I find that fulfilment is found not only in your work, but also in your extra-professional activities: be something you are passionate about, sports, or voluntary commitments. I’ve always enjoyed myself by giving my time, and have been able to contribute to humanitarian causes. I first started with the Semeurs d’espérance (Sowers of Hope) in Paris in order to help the homeless in the streets. Then I did sleight of hand and magic shows with Magiciens du monde (Magicians of the World) in hospitals for handicapped children and in retirement homes. Similarly, after working in recruitment, I joined the Club Emploi Cadres St Vincent (St Vincent Executive Job Club) and, for seven years, I was a volunteer coach for young executives looking for work, as these searches can be difficult and painful when you are on your own. I myself, before I was recruited to my current position, had the chance to be coached by one of its members. In my opinion, it's the cycle of life to render services and that we give back. We are made to help each other.
This year, I decided to help orphanages for underprivileged children in Indonesia. The first one is on the island of Batam, an hour's boat ride from Singapore, and is for children under the age of 13. There are about 100 children there, and only two nuns to take care of them. So, my role is to act as a link between the island, where slums still exist, and Singapore, where there’s a lot of wealth and resources. I try to raise funds to improve access to water, send families to look after the children, and have fun with them because the two sisters cannot look after them by themselves. Also, the children depend only on donations for food, so we must improve their diet, as well as find clothes and send doctors and dentists to the island. The second home is on the island of Bintan. It welcomes older children (13 to 18 years old) who are more autonomous. There are also fewer of them (about thirty). In addition, they have two volunteers from the Foreign Missions of Paris (the MEP). But there are still problems related to access to drinking water. For example, household get drinking water delivered every day, which is extremely expensive. Finally, I play a coordinating role in these missions. I realise that many people are willing to give their time - they just need to be motivated to make things move forward.
Why did you come to Singapore and how did you assimilate?
I started at Firmenich Paris in February 2014 and was responsible for the Central/Eastern Europe & Africa zone. I got the chance to join the Singapore offices after someone left to work for the competition and an empty position in the Asian sector, which could not remain without a Sales Director. So, jumped at it. Additionally, in my former work, I knew the Africa and Eastern Europe markets, and I was personally mobile quickly and internationally.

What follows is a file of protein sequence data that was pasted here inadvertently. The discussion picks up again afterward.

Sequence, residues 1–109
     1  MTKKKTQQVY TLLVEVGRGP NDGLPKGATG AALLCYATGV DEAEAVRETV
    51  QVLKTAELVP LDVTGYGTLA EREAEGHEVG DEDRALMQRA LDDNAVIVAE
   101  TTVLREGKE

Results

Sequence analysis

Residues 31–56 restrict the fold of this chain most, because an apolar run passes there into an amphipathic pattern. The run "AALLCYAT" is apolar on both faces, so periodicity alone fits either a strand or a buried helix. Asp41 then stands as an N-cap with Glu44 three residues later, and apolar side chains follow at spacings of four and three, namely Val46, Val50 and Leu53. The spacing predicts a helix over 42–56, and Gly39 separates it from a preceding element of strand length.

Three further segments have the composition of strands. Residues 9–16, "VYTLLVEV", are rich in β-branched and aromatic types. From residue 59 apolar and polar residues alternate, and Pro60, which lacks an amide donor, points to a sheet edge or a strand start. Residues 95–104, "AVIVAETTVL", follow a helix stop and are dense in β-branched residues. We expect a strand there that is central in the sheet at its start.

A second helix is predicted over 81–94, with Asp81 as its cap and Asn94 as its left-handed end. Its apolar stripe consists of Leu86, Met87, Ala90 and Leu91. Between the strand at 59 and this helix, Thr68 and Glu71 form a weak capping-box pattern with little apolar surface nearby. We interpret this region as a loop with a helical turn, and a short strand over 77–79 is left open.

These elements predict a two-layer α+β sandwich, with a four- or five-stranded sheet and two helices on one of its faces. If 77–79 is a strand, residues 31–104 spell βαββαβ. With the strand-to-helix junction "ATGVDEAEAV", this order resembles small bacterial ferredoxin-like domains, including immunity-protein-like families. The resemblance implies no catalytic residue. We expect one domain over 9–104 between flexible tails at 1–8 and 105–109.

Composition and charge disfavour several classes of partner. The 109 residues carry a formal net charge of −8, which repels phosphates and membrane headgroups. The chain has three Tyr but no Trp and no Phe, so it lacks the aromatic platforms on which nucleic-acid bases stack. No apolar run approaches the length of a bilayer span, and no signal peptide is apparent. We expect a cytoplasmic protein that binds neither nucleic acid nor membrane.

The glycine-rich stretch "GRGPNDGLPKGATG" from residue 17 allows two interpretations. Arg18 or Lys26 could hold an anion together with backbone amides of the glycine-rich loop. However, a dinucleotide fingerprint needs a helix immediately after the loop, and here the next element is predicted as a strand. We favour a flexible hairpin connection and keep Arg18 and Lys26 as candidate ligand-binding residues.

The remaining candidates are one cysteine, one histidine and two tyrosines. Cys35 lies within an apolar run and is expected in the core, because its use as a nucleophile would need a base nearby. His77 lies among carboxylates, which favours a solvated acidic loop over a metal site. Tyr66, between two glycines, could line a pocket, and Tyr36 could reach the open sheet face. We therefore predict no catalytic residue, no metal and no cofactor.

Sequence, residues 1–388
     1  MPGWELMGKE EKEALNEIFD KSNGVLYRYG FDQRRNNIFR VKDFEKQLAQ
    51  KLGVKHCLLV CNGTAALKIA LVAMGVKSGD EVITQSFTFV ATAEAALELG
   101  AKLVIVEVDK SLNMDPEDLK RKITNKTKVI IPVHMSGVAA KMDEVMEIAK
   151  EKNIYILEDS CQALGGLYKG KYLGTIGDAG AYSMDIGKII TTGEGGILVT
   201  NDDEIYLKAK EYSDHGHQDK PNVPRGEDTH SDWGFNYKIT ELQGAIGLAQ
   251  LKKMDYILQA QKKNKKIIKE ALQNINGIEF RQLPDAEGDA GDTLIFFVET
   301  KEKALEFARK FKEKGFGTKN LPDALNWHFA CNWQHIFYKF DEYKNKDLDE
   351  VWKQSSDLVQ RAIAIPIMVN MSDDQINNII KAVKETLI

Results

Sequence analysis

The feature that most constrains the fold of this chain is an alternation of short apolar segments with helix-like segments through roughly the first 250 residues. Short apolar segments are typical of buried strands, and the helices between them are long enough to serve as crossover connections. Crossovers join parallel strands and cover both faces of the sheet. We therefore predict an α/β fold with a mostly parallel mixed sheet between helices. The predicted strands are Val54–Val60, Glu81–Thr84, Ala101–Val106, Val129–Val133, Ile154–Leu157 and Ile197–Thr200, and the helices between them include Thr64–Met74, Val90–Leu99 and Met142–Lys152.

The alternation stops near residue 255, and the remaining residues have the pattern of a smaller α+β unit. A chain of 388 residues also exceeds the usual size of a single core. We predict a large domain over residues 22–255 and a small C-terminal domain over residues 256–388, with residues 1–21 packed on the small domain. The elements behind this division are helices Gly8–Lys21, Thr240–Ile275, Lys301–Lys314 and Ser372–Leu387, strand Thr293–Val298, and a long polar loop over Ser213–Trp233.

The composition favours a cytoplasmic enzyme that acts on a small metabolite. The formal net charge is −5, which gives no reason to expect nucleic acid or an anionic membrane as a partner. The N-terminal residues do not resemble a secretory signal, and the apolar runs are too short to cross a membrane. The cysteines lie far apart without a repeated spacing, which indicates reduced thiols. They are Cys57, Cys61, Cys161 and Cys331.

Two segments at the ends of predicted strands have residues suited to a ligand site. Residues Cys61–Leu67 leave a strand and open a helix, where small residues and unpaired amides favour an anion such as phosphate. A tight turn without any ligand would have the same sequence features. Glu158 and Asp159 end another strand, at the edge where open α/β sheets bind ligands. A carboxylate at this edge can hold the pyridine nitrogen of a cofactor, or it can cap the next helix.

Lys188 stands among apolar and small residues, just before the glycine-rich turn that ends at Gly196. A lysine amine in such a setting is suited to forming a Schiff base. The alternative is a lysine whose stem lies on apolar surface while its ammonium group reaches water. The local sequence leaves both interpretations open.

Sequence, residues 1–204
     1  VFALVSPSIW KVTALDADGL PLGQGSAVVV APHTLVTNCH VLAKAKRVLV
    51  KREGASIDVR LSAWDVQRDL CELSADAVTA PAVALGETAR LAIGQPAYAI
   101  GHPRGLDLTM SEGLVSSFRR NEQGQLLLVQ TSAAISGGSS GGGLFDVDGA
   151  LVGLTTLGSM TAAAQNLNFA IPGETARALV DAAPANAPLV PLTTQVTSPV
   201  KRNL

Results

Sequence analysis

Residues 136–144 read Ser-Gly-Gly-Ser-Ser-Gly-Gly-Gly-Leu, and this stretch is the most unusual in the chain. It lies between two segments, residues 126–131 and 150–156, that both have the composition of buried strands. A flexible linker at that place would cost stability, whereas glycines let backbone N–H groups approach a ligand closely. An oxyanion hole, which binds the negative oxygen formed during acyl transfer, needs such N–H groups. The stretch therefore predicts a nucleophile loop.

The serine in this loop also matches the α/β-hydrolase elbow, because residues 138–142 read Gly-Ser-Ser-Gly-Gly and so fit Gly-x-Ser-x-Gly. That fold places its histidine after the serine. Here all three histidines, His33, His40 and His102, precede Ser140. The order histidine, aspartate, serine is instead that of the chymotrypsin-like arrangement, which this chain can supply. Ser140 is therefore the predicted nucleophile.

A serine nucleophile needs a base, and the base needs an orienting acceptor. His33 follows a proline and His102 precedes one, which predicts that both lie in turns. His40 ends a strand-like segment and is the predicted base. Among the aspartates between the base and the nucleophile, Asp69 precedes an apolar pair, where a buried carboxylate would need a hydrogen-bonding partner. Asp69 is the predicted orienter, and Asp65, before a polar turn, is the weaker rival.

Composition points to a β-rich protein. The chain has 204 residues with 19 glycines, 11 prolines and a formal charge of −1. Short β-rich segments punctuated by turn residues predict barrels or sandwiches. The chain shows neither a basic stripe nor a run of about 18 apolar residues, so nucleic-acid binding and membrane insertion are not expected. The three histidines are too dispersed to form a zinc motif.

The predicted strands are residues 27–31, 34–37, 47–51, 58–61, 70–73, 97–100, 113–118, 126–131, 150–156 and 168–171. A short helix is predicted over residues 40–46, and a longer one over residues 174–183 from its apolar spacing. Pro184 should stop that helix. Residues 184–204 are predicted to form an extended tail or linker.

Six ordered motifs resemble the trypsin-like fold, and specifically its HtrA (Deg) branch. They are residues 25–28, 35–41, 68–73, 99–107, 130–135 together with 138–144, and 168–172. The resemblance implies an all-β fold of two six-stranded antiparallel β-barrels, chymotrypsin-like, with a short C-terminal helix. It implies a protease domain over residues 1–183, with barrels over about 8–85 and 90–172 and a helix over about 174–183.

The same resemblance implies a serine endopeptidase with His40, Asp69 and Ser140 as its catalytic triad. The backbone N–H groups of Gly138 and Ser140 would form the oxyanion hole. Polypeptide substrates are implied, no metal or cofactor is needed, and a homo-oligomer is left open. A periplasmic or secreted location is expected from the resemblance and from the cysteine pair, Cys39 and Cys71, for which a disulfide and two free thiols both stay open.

So, I moved to Singapore in the summer with a 3- to 5-year contract. Everything moves extremely quickly here. I feel like I arrived yesterday, which is mainly due to my very busy schedule, the frequent traveling, the absence of seasons (28 degrees all year round), and my sports activities and associative commitments.
What surprised you when you got to Singapore and what do you like most here?
Singapore is considered to be the Switzerland of Asia: the cost of living is rather expensive, it's clean, safe, and green. It's a city-island-state and a cocoon at the same time. What is astounding is the honesty of the people; theft is very rare and lost objects are very often found. Singapore is not a democracy or even a dictatorship, I would say it is a bit like a 'démocrature' (democracy + autocracy). There are a lot of controls and cameras, there’s still the death penalty, corporal abuse, etc. This strict side is reassuring; however, everyone here is quite conservative and conditioned, perhaps too much. Sometimes they make me think of robots! But foreigners have a lot of freedom, so I would say that the compromise is not unpleasant. It's also quite advantageous for families because it's easier to get home help than it is in France. This quality of life is not insignificant and a return to reality is difficult to imagine. I think that living here would be enjoyable for about three to five years, but you can miss a lot of French things, such as the culture, gastronomy, architecture, diversity, space, refinement... all the French heritage, which are very rich.
Singapore is a lot like Dubai because 50 years ago there was nothing, so everything is recent and new. However, this city works very well and has a robust economy. It attracts many foreign companies that want to expand in Asia. Its only weak point is that it is very dependent on the outside world since it produces nothing because it has very little land.
What would you like to say to graduates and future graduates who would like to move to Singapore?
If you have an opportunity to move to Singapore, grab it. You have to keep in mind that the cost of living is pretty high. Singapore is one of the most expensive cities in the world. Health and education are also onerous even though the cost of food is reasonably affordable. But I think that if you have the opportunity to come to Singapore, or anywhere abroad, don’t hesitate!
Interview conducted in Singapore by Clémence, Stivell, Estelle, and Adel, students with the KEDGE Alumni Travel of Asia Pro-Act.